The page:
What can be achieved in two days? Quite a lot…
On the way back from London after spending some time with lead iPXE developer Michael Brown in Cambridge and then meeting up with people at the 2Pint London Office. In Cambridge we did some amazing work at troubleshooting some issues that we have been dealing with. As most of the times, it was actually down to hardware drivers not being up to the job of dealing with the amount of data that iPXE forces it to handle. We did also discover a heap memory exhaustion under https and peerdist (BranchCache) which I had seen in the lab before (hence why HTTPS is not in 2.5). Great progress though, and some of these changes will be incorporated ASAP into iPXE Anywhere 2.6, which is our next upcoming release.
There are also other changes coming to our iPXE solution, but that will not be covered in this post. But we are moving to use iPXE.EFI instead of using SNPOnly.efi, which will boost transfer speeds to close to 1GB/s but also remove a lot of the issues we see with SNP based drivers. If iPXE.EFI cannot find an appropriate driver, it will then revert to SNP. It will be awesome.
Outstanding actions to be fixed (Coming Soon)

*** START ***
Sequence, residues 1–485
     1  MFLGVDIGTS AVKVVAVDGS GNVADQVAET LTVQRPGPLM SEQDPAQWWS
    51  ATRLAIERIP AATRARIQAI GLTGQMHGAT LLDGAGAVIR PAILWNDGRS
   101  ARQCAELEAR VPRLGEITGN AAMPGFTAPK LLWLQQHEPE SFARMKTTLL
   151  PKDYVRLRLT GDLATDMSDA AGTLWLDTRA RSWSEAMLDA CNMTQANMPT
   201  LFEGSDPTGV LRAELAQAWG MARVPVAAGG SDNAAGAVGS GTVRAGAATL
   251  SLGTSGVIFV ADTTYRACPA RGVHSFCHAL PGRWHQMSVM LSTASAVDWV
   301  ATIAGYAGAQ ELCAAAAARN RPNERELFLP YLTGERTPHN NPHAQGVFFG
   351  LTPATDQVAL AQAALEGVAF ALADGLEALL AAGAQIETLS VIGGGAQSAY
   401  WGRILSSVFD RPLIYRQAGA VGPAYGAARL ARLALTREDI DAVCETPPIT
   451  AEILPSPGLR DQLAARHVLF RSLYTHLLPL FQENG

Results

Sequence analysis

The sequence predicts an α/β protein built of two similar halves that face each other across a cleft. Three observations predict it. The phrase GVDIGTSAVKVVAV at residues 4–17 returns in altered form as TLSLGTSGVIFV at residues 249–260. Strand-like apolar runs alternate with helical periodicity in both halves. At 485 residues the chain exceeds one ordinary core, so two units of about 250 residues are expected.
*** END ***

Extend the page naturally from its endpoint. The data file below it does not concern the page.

These are items already taken care of technically, but we need to implement them into iPXE in a good way.
Out of memory while running HTTPS and Peerdist (BranchCache)
Heap exhaustion when running under HTTPS and having multiple connections alive. This is typically only the case when running under HTTPS and doing multiple connections to peers. As iPXE by default runs 32 active connections, we basically run out of memory when using peerdist under HTTP. A fix for this is under way, either in the short term by simply increasing HEAP space. Long term, this is a situation that can theoretically happen on other systems so a re-write of the code to allow caching data outside heap the way that peerdist does the transfers might be a possible approach.
Today iPXE supports a range of authentication providers, but does not support Windows Authentication NTLM v2. This adds the ability for iPXE to download data from IIS servers requiring authentication. In the iPXE Anywhere world it means that we can download from DP’s that are not protected with HTTPS without the need to enable the “Allow anonymous access” option on the DP. This will greatly help when installing the 2PXE server in ConfigMgr mode as no changes to the Distribution Point is required.
Already Fixed in iPXE – now waiting to be implemented
If you interested, here are some cut and pastes from the latest commits to main branch of iPXE, and some coming changes that have already been fixed:
Gather and report peer statistics during download
iPXE can now record and report the number of peers (calculated as the maximum number of peers discovered for a block’s segment at the time that the block download is complete), and the percentage of blocks retrieved from peers rather than from the origin server. This allows us to show the actual % of content coming from peers. As we also send this information using the syslog feature, this can be displayed in realtime in StifleR.